Building Skills and Stakeholder Capacity with Dr. Erik Youngman (Time for Teachership Podcast)

Lindsay LyonsTime for Teachership Podcast, timeforteachership

The better questions we can ask up front, that can guide some of our decisions. We really do want to be future-focused—if we’re talking about preparing students for jobs that aren’t even available right now, we need to think a little… Click To Tweet


How are we effectively educating students through a lens of equity and inclusion?
And how are we preparing students for a future filled with unpredictability?
These are two of the questions that framed our recent conversation with Dr. Erik Youngman on episode 99 of The Time for Teachership podcast. As an educator, a father, and an author, Dr. Youngman draws from years of diverse experience to pinpoint some of the important goals and directions for educators today.
We covered a lot in this interview, so make sure you have a listen. Here are some of Dr. Youngman’s key insights that educators should take note of.

Preparing Students for an Unknown Future
Dr. Youngman’s big dream for education is to see all students develop important life skills. He names a few of them: kindness, curiosity, collaboration, creativity, critical thinking, and continuous learning.
Why these skills? Two reasons:

  • They can be developed at any grade level and through various disciplines in a school setting.
  • They provide students with the necessary abilities to face an uncertain world after graduation.

The pandemic showed us that the future is uncertain. Just think about a concept like remote work becoming normalized in a short period of time—no one predicted that. So, are we preparing students to face those changes and challenges that are inevitable to come?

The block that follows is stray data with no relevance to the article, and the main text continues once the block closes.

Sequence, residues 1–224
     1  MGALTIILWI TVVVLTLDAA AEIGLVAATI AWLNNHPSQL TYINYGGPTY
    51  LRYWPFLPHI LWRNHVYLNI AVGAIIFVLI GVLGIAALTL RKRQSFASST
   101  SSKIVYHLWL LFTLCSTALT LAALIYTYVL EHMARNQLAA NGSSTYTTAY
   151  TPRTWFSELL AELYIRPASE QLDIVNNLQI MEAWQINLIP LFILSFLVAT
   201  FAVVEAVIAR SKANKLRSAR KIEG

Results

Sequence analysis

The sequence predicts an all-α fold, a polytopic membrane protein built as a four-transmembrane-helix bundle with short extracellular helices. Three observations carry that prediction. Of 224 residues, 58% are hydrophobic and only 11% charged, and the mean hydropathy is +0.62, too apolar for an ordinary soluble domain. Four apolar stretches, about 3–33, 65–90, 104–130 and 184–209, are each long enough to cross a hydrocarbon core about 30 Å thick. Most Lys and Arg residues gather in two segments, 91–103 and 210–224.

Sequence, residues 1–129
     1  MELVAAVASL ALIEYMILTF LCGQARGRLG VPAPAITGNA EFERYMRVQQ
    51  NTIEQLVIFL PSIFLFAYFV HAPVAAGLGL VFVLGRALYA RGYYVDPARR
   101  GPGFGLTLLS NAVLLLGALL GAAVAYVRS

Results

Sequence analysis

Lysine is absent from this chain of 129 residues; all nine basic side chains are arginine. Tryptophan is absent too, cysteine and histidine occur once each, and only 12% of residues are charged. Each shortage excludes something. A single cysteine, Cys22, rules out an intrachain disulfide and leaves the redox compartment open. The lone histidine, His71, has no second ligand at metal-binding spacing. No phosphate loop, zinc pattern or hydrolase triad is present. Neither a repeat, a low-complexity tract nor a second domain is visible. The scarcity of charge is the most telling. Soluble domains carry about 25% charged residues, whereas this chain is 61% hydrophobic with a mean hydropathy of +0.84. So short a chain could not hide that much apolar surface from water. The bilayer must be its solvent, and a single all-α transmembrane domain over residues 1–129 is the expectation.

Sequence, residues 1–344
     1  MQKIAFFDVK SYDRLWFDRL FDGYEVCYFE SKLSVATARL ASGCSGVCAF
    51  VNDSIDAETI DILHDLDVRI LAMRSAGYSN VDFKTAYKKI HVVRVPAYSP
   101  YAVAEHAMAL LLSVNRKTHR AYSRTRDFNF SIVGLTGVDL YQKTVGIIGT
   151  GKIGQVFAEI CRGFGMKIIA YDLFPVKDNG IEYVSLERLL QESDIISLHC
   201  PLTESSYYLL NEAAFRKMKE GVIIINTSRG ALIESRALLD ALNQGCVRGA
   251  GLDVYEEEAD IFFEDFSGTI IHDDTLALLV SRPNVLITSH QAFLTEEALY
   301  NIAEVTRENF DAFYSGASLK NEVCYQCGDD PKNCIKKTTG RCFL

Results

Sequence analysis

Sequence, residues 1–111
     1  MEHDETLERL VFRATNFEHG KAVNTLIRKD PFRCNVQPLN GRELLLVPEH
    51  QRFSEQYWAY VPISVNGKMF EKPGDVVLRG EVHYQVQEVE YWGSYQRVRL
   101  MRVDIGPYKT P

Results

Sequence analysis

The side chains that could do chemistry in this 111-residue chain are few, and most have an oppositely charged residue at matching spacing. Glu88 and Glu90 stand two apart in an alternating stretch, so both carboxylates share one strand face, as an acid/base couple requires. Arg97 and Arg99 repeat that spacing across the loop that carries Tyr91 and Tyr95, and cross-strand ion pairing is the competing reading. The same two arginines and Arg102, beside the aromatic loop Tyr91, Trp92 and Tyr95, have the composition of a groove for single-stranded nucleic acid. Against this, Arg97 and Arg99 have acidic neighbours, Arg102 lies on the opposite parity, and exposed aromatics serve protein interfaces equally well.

By focusing on skill development like critical thinking and problem-solving—through disciplines of social studies, math, science, and everything in between—students are better equipped for their futures.

Bringing Equity to the Classroom
There are two equity lenses that are important in the classroom. Dr. Youngman discussed equity of learning opportunity and justice and equity-focused curriculum.
The first, equity of learning opportunities, is related to strategic decision-making, grading practices, and curriculum delivery. The key question here is: Are all students equally able to learn, contribute, and have a voice?
Consider the difference between a talkative student who always speaks up in front of class and one who doesn’t—do they both have equal voice? Centering student voice is essential to effective education, so think through how you are providing equal opportunities for all.
The second discussion on equity relates to championing justice and equity in the classroom. Dr. Youngman emphasized the importance of defining and using terms correctly and not simply throwing “equity” around as a buzzword.
Instead, it revolves around the concept of empathetic understanding to create belonging. It’s about ensuring all voices are heard. And it’s about asking the question: who’s story is being told through the content that’s being taught.

Effective Planning and Grading
​To grade or not to grade—the much-debated question in any educator’s circle. Grading, in Dr. Youngman’s perspective, is essential to track progress and provide objective standards.
But grading is not about the grades. It’s about the learning.
So, how do you set up your grading system, rubric, or method that promotes learning, encourages, growth through “failure,” and doesn’t penalize students as they grow.
One example Dr. Youngman provided was giving students “zero” on an assignment—what’s the purpose? It skews their grade so dramatically and effectively penalizes them in the trial and learning phase. Instead, think of ways you can give students another chance to promote their learning and engagement with the material, rather than demoralizing them and halting progress.

As you can see, we covered a lot on the podcast with Dr. Youngman! Make sure you listen to his full interview to capture all the nuggets of wisdom he provided. You can also follow him on Twitter at @Erik_Youngman, where he’s very active, or check out his website.


  • 8:17 “The pandemic has been awful, but one of the things that it did highlight was the importance of relationships. And I think that schools and educators and families were reminded that it’s a critical part, so we’re making more time for that.”
  • 22:20 “The better questions we can ask up front, that can guide some of our decisions. We really do want to be future-focused—if we’re talking about preparing students for jobs that aren’t even available right now, we need to think a little bit differently.
  • 29:38 “Maximizing the capacity and capabilities is critical. How can we maximize the capacity of our teachers and also of our students? They may have different trajectories, but how can we look at their skills and abilities and continue to help them to grow?”


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